Our attorneys recently defended a client who was charged with a 2nd degree Robbery and facing 5 – 10 years in state prison with a presumption of incarceration that would be subject to N.E.R.A. (serve 85% of sentence without parole). Because it was a 2nd degree crime, this meant that if he was convicted, it was assumed that he would have to go to state prison for a minimum of 5 years and serve approximately 4 years and 3 months before even being eligible for release on parole.
The robbery charges originated from allegations that our client and other defendants had shoplifted from a convenience and during their flight from the crime scene, they had assaulted store employees who had tried to stop them. The combination of the theft and the subsequent assault, changed it from an ordinary shoplifting to a strong armed robbery. The case was first sent to the Superior Court and after being reviewed by the County Prosecutor’s Office, the case was eventually downgraded and remanded to municipal court. Once in municipal court we challenged the proof issues against our client and maintained a plea of “not guilty” for our client. After no resolution could be reached, the case was eventually set for trial. On the day of trial the State was unable to meet their burden of proof that our client was in fact involved in the robbery or the original shoplifting and upon motion by the State, the charges against our client were dismissed in their entirety.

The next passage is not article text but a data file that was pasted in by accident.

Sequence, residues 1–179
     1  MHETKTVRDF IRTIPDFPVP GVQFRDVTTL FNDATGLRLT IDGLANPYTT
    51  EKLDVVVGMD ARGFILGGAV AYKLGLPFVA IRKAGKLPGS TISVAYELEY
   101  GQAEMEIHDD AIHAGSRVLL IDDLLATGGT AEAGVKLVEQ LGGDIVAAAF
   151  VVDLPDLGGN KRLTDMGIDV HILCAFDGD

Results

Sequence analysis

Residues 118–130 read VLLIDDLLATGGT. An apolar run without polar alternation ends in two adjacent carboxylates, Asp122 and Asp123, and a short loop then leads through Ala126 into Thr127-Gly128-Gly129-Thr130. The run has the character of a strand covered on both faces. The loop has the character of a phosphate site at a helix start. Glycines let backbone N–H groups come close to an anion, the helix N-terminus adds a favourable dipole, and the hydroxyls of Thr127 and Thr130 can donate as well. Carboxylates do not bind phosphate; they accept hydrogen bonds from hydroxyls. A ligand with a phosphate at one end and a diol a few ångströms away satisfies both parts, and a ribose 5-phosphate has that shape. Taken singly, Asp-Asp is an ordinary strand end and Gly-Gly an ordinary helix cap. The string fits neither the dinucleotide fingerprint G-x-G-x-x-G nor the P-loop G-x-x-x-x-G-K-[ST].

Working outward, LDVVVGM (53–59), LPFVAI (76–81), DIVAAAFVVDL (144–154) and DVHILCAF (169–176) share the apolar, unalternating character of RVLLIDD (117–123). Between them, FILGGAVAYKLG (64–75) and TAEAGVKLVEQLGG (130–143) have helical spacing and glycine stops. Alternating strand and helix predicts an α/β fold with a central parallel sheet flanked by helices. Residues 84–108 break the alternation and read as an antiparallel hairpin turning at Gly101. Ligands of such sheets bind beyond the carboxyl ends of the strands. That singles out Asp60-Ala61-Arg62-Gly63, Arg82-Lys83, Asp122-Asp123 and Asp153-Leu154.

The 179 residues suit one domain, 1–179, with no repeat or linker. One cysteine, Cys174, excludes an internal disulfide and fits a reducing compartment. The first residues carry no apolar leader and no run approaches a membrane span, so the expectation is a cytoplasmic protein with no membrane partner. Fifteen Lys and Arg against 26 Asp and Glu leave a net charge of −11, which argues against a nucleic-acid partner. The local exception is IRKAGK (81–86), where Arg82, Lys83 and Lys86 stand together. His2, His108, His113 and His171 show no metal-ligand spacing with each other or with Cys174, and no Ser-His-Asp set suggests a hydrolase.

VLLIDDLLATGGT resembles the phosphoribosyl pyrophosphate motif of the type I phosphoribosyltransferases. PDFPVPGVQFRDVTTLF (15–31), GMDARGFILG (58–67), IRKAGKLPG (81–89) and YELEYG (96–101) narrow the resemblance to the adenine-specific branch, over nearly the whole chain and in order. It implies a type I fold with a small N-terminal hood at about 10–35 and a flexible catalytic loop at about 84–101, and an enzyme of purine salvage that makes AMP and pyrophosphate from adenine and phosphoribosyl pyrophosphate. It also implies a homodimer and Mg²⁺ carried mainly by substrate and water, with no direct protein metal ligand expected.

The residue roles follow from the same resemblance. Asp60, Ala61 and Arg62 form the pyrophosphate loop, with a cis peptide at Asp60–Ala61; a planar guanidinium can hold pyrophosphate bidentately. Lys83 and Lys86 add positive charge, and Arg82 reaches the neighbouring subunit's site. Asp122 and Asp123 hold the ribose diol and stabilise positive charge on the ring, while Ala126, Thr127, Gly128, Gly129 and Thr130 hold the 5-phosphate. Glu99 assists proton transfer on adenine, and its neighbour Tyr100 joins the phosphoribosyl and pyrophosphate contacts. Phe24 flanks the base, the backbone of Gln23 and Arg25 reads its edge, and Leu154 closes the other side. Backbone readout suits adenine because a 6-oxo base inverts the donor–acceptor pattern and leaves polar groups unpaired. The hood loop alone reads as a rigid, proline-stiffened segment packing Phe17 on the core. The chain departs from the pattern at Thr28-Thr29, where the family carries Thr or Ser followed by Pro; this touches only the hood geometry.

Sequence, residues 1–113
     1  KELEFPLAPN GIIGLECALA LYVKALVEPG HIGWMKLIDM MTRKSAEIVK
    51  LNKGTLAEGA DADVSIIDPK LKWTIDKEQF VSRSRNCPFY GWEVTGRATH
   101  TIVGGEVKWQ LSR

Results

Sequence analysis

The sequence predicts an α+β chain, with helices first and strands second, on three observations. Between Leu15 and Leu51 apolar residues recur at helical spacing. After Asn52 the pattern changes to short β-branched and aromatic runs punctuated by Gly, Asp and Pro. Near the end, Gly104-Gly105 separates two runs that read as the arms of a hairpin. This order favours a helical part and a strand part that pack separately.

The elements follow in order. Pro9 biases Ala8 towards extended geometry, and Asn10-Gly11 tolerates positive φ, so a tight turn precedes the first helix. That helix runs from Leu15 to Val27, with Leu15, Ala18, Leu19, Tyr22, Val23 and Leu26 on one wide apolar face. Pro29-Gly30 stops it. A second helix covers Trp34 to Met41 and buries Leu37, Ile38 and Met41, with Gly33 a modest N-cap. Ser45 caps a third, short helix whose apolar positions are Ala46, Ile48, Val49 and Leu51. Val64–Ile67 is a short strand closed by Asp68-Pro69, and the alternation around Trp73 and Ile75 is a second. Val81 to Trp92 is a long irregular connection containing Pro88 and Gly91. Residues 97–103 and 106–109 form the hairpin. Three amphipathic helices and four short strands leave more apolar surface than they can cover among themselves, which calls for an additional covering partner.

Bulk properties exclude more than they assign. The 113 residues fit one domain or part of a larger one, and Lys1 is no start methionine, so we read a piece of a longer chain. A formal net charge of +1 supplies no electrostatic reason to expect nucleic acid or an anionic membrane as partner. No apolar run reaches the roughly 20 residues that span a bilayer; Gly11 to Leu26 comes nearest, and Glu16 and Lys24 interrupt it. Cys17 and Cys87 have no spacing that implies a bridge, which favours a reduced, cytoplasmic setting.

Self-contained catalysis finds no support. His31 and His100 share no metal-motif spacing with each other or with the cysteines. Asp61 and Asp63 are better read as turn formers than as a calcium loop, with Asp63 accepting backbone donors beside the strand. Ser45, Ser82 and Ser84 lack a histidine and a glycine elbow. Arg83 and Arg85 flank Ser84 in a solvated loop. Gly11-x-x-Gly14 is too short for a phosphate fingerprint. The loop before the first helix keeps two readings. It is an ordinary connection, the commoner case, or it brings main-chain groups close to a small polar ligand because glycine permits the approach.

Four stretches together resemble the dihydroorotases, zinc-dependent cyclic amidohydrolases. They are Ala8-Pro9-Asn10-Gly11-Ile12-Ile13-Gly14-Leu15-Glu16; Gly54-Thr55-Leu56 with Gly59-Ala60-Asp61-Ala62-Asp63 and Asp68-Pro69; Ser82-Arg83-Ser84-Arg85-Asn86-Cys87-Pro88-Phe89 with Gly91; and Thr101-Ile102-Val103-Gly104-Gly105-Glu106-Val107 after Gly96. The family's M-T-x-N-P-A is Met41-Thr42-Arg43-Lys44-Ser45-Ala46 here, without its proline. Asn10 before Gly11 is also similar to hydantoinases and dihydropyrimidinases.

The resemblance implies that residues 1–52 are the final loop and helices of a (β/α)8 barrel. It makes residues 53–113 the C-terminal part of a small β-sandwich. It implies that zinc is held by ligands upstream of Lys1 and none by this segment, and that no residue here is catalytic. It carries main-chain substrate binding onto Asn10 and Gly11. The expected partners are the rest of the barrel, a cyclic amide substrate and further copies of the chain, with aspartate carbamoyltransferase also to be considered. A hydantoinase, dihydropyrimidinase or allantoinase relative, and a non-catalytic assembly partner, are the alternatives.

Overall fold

State v. ALS